A Short Story by Donal Mahoney
One slow evening the bartender mentioned that watching Cootie arrange his glass of Guinness, sausages, eggs and kimchi on the bar was almost like watching a defrocked priest preparing to say an aberrant Latin Mass, especially since Cootie always made the Sign of the Cross and said Grace before he ate or drank.
He had been taught these and other spiritual practices by his brother, Paddy, a monk in a monastery located not too many miles away. Paddy was said to be a very holy man but maybe not a scholar.
Nevertheless, he had done well in the monastery, over the years, adding pecans to the tops of fruitcakes the monks would bake and sell by mail. He knew how many pecans a cake required and where to place them. He was the only monk trained for this job. He had no understudy. If Paddy had a sick day, some other monk would just plop the pecans on the cakes without any sense of order.
At communal prayers five times a day Paddy would pray for all the reprobates he had left behind in the old neighborhood. Cootie would give him a monthly update on their latest deeds when he’d visit him at the monastery. He would tell Paddy up front that none of the regulars had shown any improvement since his last visit. But, as Cootie would remind him, a lot of them had passed away and the future for the rest didn’t look too promising.
Each death, of course, would force Paddy to pray even harder because he felt that half the souls in Purgatory had probably come from his old neighborhood. Who knew if there’d be room in that Halfway House in the sky when it was time for Cootie and him to check in?
Cootie’s sister, on the other hand, had been quite different than her brothers. She had been a nun and was said to have been very smart. But she had died, young and unexpectedly, while teaching a third-grade English class in the parish school. She fell backwards one day, like a tree falling, and was looking up to heaven from the floor just as the bell rang. She never moved.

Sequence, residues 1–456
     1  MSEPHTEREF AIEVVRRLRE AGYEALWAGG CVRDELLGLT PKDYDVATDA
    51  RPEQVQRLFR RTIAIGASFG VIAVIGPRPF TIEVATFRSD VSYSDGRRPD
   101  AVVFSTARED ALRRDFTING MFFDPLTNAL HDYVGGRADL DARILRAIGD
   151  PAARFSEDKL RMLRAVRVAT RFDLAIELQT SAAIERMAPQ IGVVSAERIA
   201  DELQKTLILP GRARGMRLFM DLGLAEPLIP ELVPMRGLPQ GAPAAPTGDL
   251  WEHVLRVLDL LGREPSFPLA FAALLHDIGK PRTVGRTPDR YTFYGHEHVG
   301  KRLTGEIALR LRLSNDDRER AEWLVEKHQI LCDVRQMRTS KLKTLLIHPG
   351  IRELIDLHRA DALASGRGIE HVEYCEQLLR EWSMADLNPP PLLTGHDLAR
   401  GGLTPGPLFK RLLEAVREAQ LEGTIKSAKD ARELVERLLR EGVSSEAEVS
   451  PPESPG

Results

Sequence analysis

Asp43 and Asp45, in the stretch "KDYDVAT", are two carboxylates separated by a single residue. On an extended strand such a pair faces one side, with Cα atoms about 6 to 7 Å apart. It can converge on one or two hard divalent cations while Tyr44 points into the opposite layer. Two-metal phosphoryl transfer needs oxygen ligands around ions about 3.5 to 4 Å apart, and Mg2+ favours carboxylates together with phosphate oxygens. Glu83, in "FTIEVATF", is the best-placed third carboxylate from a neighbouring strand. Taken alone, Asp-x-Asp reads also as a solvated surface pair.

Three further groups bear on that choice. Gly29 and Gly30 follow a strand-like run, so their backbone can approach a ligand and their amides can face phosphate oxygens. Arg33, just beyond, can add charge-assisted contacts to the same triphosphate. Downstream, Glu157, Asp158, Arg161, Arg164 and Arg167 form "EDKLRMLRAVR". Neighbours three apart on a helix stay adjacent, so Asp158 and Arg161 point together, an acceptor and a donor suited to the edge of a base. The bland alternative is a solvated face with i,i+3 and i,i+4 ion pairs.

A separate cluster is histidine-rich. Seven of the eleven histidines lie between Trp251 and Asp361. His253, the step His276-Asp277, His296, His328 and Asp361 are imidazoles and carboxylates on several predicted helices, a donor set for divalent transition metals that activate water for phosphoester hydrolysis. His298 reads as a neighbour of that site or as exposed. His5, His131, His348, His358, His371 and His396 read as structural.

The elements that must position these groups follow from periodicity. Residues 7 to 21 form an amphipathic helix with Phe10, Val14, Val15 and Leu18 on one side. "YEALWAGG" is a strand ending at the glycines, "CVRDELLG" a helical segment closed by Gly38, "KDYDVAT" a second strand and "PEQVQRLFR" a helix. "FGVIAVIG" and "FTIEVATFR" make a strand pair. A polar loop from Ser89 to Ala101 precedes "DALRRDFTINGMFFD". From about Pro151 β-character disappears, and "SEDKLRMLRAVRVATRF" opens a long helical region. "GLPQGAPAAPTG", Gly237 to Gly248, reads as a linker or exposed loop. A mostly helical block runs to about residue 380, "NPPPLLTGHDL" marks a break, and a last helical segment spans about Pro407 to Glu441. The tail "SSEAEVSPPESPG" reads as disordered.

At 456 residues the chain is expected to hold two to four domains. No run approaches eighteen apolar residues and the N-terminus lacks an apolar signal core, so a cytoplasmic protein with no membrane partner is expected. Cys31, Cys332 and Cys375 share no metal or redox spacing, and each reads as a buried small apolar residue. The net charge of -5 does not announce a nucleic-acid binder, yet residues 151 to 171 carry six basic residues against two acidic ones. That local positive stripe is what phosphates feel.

The parish priest arrived in minutes to give her the Last Rites but she was already dead. No one had any doubts, however, that she was already in heaven, explaining to some saint weak in punctuation the difference between the usage of a semi-colon and a colon.
No autopsy was performed. And it seemed as if the whole neighborhood took a shower and put on their best clothes to attend her funeral Mass. Even a few Southern Baptists chose to enter a Catholic Church for the first time to pay their final respects. Some of them were surprised to return home spiritually intact.
Cootie never talked about the years he had spent in Korea, the battles he had survived, the number of enemy he had killed or the event that led to the plate inserted in his head. He never explained either what he had done to earn all those medals.
And Cootie’s lack of braggadocio was appreciated because when he first came home, one of the regulars in the bar, a fellow named Stanley, a veteran of World War II, had announced to all the other customers that unlike Cootie, he had been in the “real war,” the one the United States had won.
Cootie didn’t say a word. But a half hour later, after a little small talk with Stanley, Cootie asked him to get off his stool so they could finally settle a bet made in high school as to which of them was taller. Standing face to face, Cootie indeed appeared to be taller. Then he hit Stanley with an uppercut launched from his knee. It took a bucket of water, a lot of encouragement and three sober men who had just walked in to get Stanley on his feet. Two of his teeth were never found.
After the Stanley incident, none of the regulars ever bothered Cootie again. And the bartender always told new patrons, “It’s best to leave Cootie alone.”
But occasionally a stranger, clearly out of his element, would arrive in a suit and tie or in Bermuda shorts and white bucks. Given the circumstances, it wouldn’t be long before one regular or another would engage the stranger in conversation and tell him in glowing terms about Cootie’s status as a hero of the Korean War. He had won so many medals, the stranger would be told, that he needed a suitcase to bring them home.
Often the stranger, after a sufficient amount of Guinness, would stroll down to the end of the bar and extend his hand to thank Cootie for his service. Like others before him, the stranger would learn that it was best to leave Cootie alone.
As every regular knew, Cootie had little to say about the war America hadn’t won. But if pressed to comment on the matter, he’d bounce off his stool and shout, “Damn the vernal equinox! Full speed ahead!” Everything else he said with his fists. And it was always a brief conversation.